by Emily Molina
The Quinault Valley region, home to six magnificent tree giants, are some of the largest in the world according to the National Forestry Association.
There is a place on the southwestern edge of the Olympic National Park, full of moss and mist and trees the size of giants, of endless trails, cascading waterfalls and majestic mountains.
The Quinault Rainforest, located 174 miles west of Seattle, is one of three temperate rainforests within the Olympic National Forest. Encompassing miles of pathways, it’s the perfect backdrop to unplug and recharge amid some of the largest coniferous trees of their kind.
The historic Lake Quinault Lodge makes an ideal starting point to begin such an escape. Built in 1926, the lodge is set beneath a tapestry of fringing moss, ferns, lichens and earthy smells, and where the river meets the pristine banks of the Lake Quinault glacial pool.
The current site was completed in only 53 days and is situated west of where an earlier structure stood before being lost to a fire in 1924.
Idyllic door-to-wilderness adventures—over eight miles of interconnected trails—are easily accessible from lodge grounds. Guests have only to step outside to connect with nature, returning later to modern comforts and rustic charm.
Each well-maintained trail displays a cacophony of natural wonder as well as linking into the Quinault National Recreation Trail system.
Visit the world’s largest Douglas fir, a 302-foot behemoth, the second largest western red cedar rising 174 feet into the sky, and a record-breaking 191-foot 1,000-year-old Sitka spruce. The largest yellow cedar and western and mountain hemlock species in the U.S. can be found here, too.
There’s no shortage of waterfalls either. Visitors just have to cross the street to reach two notable ones by foot. Cascade Falls takes visitors on a half-mile walk surrounded by lush greenery and the not-so-far-off sounds of water as it echoes through the trees and plunges to the depths below. Gatton Creek Falls can be found via the Gatton Creek trailhead farther down the road or by continuing northeast along the trail away from Cascade Falls.
Experience plenty of activities without leaving the lodge. Helpful staff are eager to share ways to unwind. Find a sunny spot by the lake in an Adirondack chair, read a book, go fishing or try seasonally available kayak or paddle board rentals in the pristine waters.
Three boat tours run daily from July through August. Choose narrated morning, afternoon or evening cruises with opportunities to see wildlife in its natural habitat. Look for bald eagles, river otters or feeding osprey, or simply relax and enjoy the ride.
Join lodge guests on a 4-hour guided rainforest shuttle tour, available year-round. Learn historic details about the lake, rainforest and Quinault Indian Nation. The tour includes several short walks and makes stops at all the best places for capturing photos.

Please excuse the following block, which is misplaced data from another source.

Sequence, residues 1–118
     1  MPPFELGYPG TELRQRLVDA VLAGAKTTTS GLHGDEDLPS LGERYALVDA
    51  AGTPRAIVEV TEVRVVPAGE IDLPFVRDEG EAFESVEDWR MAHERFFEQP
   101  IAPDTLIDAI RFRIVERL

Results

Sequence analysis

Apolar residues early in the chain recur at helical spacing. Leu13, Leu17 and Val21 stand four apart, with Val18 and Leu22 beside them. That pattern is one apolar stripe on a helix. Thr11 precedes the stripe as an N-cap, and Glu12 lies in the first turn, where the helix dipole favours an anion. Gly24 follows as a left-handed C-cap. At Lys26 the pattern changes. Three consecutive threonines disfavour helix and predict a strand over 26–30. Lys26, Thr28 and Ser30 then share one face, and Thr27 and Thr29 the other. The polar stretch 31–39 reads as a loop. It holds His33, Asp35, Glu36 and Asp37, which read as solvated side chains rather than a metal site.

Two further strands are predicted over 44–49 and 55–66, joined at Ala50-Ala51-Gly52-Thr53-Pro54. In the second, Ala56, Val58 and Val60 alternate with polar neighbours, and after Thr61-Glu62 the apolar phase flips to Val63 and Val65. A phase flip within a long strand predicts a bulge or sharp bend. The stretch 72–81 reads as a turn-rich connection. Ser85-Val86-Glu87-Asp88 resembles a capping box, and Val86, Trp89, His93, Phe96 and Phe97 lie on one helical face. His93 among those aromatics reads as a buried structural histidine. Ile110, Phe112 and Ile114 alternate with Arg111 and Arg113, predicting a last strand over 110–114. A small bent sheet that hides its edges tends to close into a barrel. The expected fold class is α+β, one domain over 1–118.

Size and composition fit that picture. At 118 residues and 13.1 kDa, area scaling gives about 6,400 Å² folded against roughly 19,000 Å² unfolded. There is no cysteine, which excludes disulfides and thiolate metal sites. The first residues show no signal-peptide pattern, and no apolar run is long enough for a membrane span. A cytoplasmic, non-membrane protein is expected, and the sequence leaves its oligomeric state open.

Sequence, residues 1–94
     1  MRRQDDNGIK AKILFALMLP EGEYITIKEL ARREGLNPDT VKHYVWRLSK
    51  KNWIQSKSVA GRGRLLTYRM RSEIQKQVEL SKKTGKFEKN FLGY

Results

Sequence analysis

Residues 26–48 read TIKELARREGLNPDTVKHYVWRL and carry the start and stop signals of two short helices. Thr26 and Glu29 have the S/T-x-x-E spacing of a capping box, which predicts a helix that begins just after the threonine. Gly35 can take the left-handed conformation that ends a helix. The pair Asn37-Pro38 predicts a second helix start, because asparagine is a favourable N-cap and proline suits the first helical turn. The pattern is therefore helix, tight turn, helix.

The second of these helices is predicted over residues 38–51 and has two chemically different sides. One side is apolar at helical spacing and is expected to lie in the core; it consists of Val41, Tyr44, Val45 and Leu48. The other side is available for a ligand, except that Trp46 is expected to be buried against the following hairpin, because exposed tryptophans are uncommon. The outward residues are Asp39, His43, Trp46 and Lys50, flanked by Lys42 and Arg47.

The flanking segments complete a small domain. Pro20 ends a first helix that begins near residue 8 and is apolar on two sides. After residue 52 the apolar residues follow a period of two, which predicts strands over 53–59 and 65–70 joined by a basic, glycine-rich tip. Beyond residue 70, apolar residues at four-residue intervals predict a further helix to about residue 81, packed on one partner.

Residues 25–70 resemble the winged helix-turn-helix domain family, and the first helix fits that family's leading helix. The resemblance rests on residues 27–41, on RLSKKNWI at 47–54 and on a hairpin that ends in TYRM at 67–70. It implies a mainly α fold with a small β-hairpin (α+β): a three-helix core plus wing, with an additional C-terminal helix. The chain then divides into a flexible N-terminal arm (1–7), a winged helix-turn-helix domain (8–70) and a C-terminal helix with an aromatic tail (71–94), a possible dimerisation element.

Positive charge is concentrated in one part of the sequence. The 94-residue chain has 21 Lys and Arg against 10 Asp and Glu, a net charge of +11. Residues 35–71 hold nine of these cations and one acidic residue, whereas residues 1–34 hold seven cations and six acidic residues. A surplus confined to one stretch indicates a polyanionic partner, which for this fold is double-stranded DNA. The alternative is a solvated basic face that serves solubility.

The 30-mile driving tour around the lake is accessible by personal vehicle for a more self-paced experience with convenient roadway pull-offs for viewing. Discover more areas teaming with wildlife, such as Roosevelt elk, black-tailed deer, owls and black bears, to name a few. The drive passes by other noteworthy waterfalls like the 40-foot Merriman Falls and one of the area’s largest, a 60-foot cascade named Bunch Creek Falls.
At the end of a day of exploring, the Lodge fireplace awaits as a beacon. Or take a dip in the heated pool or kick back in the dry sauna to defrost after a day of adventure before dining at the Roosevelt Restaurant.
Franklin D. Roosevelt did just that while visiting the lodge in 1937, nine months prior to his support of a bill that helped establish the Olympic National Park. In later years, the restaurant was named in his honor.
Today, the menu boasts a broad selection of wines, and hearty dinners like the Quinault Clam Chowder, Wild King Salmon or Roosevelt’s Classic Pot Roast. A number of filling breakfast choices satisfy in the morning before heading out on the next adventure.
The Lodge Gift Shop and front desk is open around the clock for toiletry items, souvenirs and gifts, snacks, wine and more.
Take some time to disconnect at the Lake Quinault Lodge and reconnect with nature in this magical land of the rainforest giants. Find information about booking a visit at olympicnationalparks.com/lodging/lake-quinault-lodge. Learn more about traveling Washington’s spectacular Olympic Peninsula at olympicpeninsula.org.